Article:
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Depending on the severity of a burn, treatment includes some combination of applying cold water for several minutes, wrapping the burn in sterile gauze and using drugstore medications such as ibuprofen and naproxen to mi... More »

The New York University (NYU) Langone Medical Center recommends covering a deep grease burn with a cool moist dressing to remove heat. Phys.org suggests removing any clothing or jewelry before the injury has a chance to ... More »

Formation of scars is usually minimal with second degree burns, as stated by UNM Hospitals. A second degree burn is a burn that occurs when both the first layer and the second layer of the skin have been burned. More »

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The best treatment for a burn depends on the severity of the damage to the skin, according to Healthline. Patients can treat minor burns by soaking the burnt body parts in cool water for about five minutes and applying a... More »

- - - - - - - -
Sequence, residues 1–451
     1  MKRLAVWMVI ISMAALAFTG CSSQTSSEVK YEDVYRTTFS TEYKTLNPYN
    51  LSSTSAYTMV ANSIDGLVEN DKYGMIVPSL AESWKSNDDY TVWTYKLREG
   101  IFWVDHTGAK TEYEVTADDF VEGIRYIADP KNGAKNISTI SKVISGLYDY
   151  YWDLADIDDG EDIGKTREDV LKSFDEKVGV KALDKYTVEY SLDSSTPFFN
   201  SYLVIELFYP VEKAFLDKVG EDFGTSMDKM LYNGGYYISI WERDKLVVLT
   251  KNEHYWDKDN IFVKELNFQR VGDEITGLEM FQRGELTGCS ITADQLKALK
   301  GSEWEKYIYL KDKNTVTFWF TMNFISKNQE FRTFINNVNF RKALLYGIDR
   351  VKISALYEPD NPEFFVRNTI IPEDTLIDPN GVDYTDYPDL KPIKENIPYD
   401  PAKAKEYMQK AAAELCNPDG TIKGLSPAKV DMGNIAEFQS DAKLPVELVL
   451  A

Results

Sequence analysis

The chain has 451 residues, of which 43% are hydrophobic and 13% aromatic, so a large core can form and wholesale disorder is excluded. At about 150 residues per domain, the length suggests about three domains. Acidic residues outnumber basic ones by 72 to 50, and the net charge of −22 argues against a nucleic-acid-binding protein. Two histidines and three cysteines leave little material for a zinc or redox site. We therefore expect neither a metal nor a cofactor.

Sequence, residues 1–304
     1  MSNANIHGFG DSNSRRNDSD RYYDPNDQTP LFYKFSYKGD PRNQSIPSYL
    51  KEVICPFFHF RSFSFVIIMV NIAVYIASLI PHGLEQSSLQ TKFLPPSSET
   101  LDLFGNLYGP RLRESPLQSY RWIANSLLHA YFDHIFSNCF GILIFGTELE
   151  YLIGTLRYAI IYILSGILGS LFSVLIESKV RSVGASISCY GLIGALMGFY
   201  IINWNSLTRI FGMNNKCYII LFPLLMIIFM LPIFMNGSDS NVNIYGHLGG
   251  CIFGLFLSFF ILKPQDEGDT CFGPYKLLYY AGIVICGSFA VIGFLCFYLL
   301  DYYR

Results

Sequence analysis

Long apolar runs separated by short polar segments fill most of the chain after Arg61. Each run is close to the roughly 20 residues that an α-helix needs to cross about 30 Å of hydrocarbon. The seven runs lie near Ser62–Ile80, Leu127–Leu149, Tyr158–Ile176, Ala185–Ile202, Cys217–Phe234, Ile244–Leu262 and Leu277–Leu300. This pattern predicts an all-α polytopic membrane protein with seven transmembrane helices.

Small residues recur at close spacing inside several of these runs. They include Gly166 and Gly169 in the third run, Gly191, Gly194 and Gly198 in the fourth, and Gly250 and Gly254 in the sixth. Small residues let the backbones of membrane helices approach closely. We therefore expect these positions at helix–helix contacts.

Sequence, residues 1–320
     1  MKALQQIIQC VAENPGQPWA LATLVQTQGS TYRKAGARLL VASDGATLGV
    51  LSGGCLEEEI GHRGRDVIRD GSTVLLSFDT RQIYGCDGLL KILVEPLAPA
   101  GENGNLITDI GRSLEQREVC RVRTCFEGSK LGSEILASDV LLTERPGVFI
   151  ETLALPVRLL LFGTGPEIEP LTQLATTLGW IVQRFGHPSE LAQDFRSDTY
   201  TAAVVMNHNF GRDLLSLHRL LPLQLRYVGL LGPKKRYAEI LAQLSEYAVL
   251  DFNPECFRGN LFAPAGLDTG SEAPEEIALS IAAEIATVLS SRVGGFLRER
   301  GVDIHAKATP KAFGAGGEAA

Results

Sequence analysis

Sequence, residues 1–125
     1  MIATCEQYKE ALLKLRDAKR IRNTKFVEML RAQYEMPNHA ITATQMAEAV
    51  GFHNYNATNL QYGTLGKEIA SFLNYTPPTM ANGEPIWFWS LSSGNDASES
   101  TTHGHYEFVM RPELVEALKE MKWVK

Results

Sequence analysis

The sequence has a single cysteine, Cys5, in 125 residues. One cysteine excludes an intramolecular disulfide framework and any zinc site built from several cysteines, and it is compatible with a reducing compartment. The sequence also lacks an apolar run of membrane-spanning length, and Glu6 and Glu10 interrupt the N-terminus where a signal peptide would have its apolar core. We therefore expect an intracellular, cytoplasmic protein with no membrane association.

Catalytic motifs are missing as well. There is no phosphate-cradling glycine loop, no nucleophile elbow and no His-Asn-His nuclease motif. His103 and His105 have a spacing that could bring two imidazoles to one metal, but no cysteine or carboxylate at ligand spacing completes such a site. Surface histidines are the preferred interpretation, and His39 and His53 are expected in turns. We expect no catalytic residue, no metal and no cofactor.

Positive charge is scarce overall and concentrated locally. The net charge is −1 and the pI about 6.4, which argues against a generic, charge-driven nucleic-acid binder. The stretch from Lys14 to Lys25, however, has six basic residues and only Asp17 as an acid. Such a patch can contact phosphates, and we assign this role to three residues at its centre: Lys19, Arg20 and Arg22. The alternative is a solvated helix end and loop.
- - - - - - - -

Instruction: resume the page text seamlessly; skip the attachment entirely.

First, it is necessary to submerge the entire burned area into cool water for five to 10 minutes, depending on the severity of the burn, reports Everyday Health. Next, mild soap and warm water should be used to wash the ... More »

To treat mild burn injuries, alleviate pain by holding the burned area under cool water for 10 to 15 minutes, remove tight items such as rings before swelling begins, avoid breaking blisters, and apply aloe vera lotion o... More »

Treat a blistered hot water burn by cooling the burn area using cool water for about 30 minutes to lower the skin temperature and ease pain. Avoid ice or iced water because it may damage skin tissue. Remove jewelry, ring... More »